It is 25 years after the Fourth World Conference on Women and the adoption of the Beijing Declaration and Platforms for Action. We thank all those who were there. We salute the many women – and men too – who have been implementing the Platform for Action. We also thank them for their efforts, as well as the human rights defenders, activists, midwives, scientists, young feminists, politicians and rural women who do this work.

We recognize the foresight and enlightenment of the Member States who adopted such a comprehensive agenda for gender equality. For the United Nations, this was its greatest contribution to the advancement of human rights and women’s rights.

Excellencies, we all share the disappointment that the moment to commemorate and review this historic platform for action coincided with the outbreak of the novel coronavirus COVID-19 disease. Respect for public health concerns has necessitated the shortening of this session of the Commission.

We all regret the absence of the many voices that we are used to hearing and being enriched by. We are considering how to ensure that those who are not here today in the halls of influence and decision-making will at some future point join these reflections when it is safe to do so. I know that the CSW Bureau is looking at a suitable opportunity to do this, along with delegates from capitals and the broad civil society networks.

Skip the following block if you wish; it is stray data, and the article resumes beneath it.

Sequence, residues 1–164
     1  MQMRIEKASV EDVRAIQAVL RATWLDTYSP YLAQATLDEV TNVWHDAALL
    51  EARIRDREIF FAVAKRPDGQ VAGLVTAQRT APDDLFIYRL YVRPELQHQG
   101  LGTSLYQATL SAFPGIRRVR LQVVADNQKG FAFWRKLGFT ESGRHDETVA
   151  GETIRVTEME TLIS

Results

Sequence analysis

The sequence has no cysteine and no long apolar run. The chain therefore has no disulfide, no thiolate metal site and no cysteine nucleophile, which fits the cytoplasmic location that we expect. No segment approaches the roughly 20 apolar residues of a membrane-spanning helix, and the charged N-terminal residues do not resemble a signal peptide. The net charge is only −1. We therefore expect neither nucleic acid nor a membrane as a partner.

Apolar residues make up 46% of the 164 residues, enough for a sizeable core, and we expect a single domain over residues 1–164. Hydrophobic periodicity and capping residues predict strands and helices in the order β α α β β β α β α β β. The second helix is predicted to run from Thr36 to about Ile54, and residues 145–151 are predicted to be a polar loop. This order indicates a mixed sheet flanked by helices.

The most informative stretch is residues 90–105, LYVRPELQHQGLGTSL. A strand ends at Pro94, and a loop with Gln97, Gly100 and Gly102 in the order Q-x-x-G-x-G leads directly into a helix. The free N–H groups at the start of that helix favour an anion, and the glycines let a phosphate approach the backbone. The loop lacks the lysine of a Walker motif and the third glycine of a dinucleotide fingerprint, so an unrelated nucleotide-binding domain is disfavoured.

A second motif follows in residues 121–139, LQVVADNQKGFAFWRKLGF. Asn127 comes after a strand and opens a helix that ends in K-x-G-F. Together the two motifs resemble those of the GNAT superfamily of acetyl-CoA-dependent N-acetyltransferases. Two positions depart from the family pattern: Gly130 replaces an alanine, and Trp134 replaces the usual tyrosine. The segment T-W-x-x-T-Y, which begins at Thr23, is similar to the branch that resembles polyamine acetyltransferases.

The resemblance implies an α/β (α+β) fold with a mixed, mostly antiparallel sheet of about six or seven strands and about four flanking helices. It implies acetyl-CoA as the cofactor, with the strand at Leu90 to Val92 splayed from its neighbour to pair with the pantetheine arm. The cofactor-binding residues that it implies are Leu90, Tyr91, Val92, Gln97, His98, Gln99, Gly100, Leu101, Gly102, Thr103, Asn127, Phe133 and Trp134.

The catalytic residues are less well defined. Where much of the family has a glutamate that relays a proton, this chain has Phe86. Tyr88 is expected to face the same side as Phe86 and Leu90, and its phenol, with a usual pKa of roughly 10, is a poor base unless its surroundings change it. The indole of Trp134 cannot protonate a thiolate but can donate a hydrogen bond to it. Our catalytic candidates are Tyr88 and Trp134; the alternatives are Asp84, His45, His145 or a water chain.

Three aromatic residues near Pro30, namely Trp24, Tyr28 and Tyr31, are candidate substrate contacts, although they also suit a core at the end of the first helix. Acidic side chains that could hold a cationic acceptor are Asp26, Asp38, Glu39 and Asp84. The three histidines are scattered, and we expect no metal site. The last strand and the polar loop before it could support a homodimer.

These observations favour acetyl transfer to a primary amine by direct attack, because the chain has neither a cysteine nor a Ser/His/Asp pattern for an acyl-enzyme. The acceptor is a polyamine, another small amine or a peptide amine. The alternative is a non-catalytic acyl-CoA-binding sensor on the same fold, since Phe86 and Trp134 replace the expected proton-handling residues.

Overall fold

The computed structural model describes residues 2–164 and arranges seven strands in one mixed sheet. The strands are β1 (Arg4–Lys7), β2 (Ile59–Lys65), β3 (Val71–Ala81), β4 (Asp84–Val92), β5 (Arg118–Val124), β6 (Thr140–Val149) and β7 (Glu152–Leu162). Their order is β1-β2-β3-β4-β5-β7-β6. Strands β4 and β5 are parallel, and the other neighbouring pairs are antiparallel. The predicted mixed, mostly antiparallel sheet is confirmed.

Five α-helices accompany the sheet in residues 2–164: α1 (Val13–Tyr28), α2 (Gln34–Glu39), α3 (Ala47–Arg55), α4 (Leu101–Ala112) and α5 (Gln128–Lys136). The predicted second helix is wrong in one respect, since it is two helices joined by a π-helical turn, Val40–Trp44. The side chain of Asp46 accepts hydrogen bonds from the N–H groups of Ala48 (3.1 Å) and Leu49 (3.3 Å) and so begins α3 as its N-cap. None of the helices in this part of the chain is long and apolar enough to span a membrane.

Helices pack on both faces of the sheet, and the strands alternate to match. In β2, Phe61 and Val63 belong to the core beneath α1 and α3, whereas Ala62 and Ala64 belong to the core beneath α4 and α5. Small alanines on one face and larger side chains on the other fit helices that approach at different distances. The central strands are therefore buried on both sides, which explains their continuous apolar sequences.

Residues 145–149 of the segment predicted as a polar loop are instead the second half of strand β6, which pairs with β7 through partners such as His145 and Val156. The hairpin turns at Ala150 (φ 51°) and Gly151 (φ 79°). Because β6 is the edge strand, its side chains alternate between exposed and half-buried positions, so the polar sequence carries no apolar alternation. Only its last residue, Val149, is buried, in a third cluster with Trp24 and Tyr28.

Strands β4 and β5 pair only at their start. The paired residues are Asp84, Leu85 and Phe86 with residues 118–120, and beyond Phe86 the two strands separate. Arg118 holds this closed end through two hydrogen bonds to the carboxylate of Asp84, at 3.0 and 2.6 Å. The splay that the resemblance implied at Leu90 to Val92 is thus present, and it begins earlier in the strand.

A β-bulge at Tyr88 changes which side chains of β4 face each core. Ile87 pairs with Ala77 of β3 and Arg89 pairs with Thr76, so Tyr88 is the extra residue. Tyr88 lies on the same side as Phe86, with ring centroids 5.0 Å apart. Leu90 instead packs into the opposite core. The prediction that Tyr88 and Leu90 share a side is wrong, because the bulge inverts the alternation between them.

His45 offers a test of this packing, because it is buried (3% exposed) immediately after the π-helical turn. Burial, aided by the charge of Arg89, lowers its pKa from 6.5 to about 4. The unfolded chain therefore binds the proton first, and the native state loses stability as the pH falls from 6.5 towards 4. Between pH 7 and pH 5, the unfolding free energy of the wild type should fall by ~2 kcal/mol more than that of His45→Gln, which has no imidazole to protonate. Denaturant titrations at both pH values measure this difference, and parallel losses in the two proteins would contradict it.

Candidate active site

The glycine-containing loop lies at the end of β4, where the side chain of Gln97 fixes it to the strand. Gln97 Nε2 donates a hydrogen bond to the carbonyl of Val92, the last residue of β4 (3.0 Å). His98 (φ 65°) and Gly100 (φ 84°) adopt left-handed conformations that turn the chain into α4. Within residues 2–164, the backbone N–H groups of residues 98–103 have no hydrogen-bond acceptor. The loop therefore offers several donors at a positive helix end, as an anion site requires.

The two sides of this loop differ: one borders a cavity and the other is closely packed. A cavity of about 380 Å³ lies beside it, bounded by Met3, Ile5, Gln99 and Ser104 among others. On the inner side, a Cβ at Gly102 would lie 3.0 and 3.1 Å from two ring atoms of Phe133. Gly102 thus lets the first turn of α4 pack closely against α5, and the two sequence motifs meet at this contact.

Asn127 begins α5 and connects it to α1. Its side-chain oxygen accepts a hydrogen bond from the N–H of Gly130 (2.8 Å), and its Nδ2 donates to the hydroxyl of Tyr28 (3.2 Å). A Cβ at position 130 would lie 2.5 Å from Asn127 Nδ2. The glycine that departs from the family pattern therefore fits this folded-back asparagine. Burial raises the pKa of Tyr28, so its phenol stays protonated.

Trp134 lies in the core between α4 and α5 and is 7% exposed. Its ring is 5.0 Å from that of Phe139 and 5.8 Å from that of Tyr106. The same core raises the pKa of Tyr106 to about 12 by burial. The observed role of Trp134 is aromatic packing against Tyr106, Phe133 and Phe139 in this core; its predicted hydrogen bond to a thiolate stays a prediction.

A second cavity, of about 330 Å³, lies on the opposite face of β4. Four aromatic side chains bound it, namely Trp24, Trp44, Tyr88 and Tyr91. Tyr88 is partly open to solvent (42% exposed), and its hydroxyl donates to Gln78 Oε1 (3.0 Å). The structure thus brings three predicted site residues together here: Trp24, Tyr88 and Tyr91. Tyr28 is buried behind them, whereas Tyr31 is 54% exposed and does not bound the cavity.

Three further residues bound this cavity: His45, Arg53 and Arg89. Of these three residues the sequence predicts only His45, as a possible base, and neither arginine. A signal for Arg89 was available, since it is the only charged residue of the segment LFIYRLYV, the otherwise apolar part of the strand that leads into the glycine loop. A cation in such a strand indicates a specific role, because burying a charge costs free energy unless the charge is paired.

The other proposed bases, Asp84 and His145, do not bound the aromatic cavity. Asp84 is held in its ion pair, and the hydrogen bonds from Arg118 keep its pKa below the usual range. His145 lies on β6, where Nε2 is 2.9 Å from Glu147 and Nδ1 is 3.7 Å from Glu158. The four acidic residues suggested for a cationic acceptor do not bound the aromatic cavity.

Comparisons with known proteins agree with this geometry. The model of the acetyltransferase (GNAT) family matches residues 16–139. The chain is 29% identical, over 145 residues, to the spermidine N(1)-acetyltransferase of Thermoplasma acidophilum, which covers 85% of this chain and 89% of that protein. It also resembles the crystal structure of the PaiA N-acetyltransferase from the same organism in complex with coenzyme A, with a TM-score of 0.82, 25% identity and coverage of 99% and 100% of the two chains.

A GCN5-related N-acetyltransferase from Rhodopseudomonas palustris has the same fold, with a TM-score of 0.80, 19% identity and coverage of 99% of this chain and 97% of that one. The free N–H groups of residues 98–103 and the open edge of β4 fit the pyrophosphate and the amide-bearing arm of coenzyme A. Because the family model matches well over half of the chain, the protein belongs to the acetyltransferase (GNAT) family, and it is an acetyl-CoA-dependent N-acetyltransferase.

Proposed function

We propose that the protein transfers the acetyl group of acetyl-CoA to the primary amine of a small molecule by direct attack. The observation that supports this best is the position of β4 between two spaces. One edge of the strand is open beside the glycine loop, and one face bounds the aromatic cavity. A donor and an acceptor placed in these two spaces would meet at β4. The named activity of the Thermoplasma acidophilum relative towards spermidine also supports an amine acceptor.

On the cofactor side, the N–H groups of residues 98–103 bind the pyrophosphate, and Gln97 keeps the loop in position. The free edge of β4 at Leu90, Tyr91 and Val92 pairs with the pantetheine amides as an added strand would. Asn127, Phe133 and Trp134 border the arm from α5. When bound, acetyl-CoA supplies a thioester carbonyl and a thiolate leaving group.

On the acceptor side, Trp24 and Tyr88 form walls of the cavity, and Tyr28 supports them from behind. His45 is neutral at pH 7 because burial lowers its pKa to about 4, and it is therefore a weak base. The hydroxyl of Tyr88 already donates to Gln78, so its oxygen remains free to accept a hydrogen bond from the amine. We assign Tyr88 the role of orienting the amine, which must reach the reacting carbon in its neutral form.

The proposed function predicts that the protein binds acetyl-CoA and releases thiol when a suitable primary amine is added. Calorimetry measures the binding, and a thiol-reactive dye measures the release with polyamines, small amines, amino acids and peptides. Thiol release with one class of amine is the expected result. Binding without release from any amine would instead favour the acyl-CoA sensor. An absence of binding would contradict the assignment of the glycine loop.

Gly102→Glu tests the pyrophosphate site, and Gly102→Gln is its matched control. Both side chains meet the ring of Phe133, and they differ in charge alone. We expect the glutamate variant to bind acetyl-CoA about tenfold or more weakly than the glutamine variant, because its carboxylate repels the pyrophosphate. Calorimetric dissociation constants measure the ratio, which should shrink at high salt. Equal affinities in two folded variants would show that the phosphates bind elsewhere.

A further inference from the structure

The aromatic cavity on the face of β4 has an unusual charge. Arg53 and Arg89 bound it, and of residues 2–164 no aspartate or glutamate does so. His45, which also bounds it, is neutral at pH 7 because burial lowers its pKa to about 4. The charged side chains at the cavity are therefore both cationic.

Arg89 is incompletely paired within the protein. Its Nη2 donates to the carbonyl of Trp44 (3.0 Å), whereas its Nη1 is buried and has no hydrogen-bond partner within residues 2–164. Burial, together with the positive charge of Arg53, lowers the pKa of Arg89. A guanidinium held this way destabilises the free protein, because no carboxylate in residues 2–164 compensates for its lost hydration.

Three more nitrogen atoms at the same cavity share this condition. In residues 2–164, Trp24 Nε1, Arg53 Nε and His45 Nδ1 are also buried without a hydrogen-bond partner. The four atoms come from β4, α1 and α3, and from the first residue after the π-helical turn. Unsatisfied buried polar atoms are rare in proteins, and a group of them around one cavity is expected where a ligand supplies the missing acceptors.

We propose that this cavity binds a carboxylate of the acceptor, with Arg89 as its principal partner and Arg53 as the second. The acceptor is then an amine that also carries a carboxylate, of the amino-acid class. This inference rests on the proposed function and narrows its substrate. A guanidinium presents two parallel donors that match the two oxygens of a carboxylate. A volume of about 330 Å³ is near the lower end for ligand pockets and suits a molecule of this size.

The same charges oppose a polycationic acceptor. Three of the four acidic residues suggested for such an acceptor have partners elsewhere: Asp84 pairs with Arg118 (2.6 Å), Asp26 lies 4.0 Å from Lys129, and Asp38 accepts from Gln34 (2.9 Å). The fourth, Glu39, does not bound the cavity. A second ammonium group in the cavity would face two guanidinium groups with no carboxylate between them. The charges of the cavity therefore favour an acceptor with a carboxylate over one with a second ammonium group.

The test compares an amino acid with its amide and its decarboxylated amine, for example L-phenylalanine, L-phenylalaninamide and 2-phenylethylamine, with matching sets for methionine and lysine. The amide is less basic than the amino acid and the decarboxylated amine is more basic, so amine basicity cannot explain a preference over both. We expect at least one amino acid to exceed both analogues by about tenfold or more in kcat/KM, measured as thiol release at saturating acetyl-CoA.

This challenge has also inspired us to make efforts to use new technology to connect virtually at this time when we cannot travel internationally. We hope that this at least also contributes to the environment.

We look forward to the adoption of the draft Political Declaration that re-affirms the Beijing Platform for Action, and the adoption of the Commission’s next multi-year programme of work.

2020 has to be the year where change is intensified.

In addition to the 25th anniversary of the Beijing Platform Action, this year marks 20 years of implementing Security Council resolution 1325 on Women, Peace and Security. It is also UN Women’s 10th birthday and the start of the UN Decade of Action. During this time, we will be working hard to achieve the aspirations of the 2030 Agenda for Sustainable Development, with the support of a variety of stakeholders whom we continue to mobilize.

We are challenged by limited implementation. Women are radically impatient for action that improves their lives. They see the progress made, but also that it is accompanied by pushback and erosion of gains. They see that the scale and pace of change has not been what it should be. Younger women do not want to go through the experiences of their elders. And the elders are tired of waiting.